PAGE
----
Taking Back Our Stolen History
The Zionist State of Israel is Created Fulfilling Biblical Prophecy? Or Was it an Elaborate Scam?
The Zionist State of Israel is Created Fulfilling Biblical Prophecy? Or Was it an Elaborate Scam?

The Zionist State of Israel is Created Fulfilling Biblical Prophecy? Or Was it an Elaborate Scam?

Mr. Forrestal foresaw Mr. Truman’s capitulation and his alarm increased. He saw the Democratic party-manager, Mr. J. Howard McGrath (November 6, 1947) and again could make no headway. Mr. McGrath said:

“There were two or three pivotal states which could not be carried without the support of people who were deeply interested in the Palestine question”.

The next day he again received support from General Marshall, who told the Cabinet that the Middle East was “another tinder box”, and Mr. Forrestal then “repeated my suggestion. . . that a serious attempt be made to lift the Palestine question out of American partisan politics. . . Domestic politics ceased at the Atlantic Ocean and no question was more charged with danger to our security than this particular one” (November 7, 1947).

The “partition” vote was by this time near and Mr. Forrestal made another appeal to Mr. McGrath, the Democratic party-manager, showing him a secret report on Palestine provided by the governmental intelligence agency.

Mr. McGrath brushed this aside, saying Jewish sources were responsible for a substantial part of the contributions to the Democratic National Committee and many of these contributions were made “with a distinct idea on the part of the givers that they will have an opportunity to express their views and have them seriously considered on such questions as the present Palestine question. There was a feeling among the Jews that the United States was not doing what it should to solicit votes in the United Nations General Assembly in favour of the Palestine partition, and ‘beyond this, the Jews would expect the United States to do its utmost to implement the partition decision if it is voted by the United Nations through force if necessary’.”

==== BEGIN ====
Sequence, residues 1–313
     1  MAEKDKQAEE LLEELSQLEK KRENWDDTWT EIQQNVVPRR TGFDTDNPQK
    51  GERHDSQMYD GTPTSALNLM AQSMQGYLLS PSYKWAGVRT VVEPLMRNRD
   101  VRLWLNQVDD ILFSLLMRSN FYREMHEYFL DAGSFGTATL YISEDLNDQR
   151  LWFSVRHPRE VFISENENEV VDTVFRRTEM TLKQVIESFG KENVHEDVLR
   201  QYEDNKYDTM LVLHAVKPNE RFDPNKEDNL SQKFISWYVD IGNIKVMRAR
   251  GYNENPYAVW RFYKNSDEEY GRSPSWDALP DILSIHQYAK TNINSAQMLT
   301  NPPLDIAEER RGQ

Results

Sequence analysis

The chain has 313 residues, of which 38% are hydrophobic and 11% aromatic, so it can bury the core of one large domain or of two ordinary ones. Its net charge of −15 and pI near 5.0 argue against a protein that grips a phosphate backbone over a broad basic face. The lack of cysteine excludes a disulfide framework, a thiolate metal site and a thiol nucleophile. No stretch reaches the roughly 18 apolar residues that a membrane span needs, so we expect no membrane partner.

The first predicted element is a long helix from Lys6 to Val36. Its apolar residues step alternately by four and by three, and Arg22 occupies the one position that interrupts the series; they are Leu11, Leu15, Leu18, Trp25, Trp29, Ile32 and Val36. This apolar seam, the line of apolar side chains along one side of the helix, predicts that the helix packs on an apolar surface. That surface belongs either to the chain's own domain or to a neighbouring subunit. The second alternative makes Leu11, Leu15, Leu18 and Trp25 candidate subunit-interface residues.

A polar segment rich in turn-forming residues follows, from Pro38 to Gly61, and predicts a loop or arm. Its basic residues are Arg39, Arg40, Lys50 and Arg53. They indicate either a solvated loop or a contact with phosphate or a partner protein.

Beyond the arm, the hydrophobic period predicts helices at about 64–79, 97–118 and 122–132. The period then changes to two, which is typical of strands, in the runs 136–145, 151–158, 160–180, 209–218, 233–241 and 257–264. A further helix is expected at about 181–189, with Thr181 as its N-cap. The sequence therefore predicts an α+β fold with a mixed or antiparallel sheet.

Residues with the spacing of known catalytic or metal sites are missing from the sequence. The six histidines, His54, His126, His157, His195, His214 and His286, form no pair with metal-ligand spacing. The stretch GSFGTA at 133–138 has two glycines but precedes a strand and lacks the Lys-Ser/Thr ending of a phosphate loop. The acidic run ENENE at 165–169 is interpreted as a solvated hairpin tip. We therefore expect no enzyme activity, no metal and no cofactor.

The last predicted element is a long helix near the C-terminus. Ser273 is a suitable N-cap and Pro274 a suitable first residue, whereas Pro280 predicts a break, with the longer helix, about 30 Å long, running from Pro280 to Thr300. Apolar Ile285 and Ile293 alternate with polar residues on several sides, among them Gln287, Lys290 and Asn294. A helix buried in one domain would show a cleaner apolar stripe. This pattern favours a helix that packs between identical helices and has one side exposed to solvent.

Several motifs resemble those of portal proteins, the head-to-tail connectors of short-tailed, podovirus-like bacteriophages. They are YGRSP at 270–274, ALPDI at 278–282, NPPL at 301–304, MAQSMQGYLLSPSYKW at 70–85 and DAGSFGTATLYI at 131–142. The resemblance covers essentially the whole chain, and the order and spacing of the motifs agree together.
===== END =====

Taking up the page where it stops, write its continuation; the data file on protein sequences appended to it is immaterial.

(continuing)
This quotation reveals the process of progressively raising the bid for Zionist funds and the Zionist vote which went on behind the scenes. At the start only United States support for the partition proposal had been “expected”.

Within a few weeks, this “expectation” had risen to the demand that the United States should “solicit” the votes of other countries in support of partition and should use American troops to enforce partition, and the party-manager was quite accustomed to such notions.

If American troops in the 1950’s or 1960’s find themselves in the Middle East, any of them who have read Mr. Forrestal’s Diaries should know how they come to be there.

Mr. Forrestal must have acted from a sense of duty, not of hope, when he implored Mr. McGrath “to give a lot of thought to this matter because it involved not merely the Arabs of the Middle East, but also might involve the whole Moslem world with its four hundred millions of people: Egypt, North Africa, India and Afghanistan”.